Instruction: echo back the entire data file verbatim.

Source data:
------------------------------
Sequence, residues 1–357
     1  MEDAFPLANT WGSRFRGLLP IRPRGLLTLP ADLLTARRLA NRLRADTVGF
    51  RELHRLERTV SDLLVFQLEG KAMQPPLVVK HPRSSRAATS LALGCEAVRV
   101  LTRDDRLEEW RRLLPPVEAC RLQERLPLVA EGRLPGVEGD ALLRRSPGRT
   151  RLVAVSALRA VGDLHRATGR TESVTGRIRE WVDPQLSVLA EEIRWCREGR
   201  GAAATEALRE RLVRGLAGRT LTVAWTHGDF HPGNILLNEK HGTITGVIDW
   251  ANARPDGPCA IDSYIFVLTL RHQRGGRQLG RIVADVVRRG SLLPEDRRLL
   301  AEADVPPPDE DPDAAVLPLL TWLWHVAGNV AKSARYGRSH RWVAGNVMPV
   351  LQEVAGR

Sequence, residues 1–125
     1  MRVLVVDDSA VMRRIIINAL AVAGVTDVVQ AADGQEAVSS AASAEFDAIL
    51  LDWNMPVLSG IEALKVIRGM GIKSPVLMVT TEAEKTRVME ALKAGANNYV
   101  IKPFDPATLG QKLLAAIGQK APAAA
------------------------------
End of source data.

Sequence, residues 1–357
     1  MEDAFPLANT WGSRFRGLLP IRPRGLLTLP ADLLTARRLA NRLRADTVGF
    51  RELHRLERTV SDLLVFQLEG KAMQPPLVVK HPRSSRAATS LALGCEAVRV
   101  LTRDDRLEEW RRLLPPVEAC RLQERLPLVA EGRLPGVEGD ALLRRSPGRT
   151  RLVAVSALRA VGDLHRATGR TESVTGRIRE WVDPQLSVLA EEIRWCREGR
   201  GAAATEALRE RLVRGLAGRT LTVAWTHGDF HPGNILLNEK HGTITGVIDW
   251  ANARPDGPCA IDSYIFVLTL RHQRGGRQLG RIVADVVRRG SLLPEDRRLL
   301  AEADVPPPDE DPDAAVLPLL TWLWHVAGNV AKSARYGRSH RWVAGNVMPV
   351  LQEVAGR

Sequence, residues 1–125
     1  MRVLVVDDSA VMRRIIINAL AVAGVTDVVQ AADGQEAVSS AASAEFDAIL
    51  LDWNMPVLSG IEALKVIRGM GIKSPVLMVT TEAEKTRVME ALKAGANNYV
   101  IKPFDPATLG QKLLAAIGQK APAAA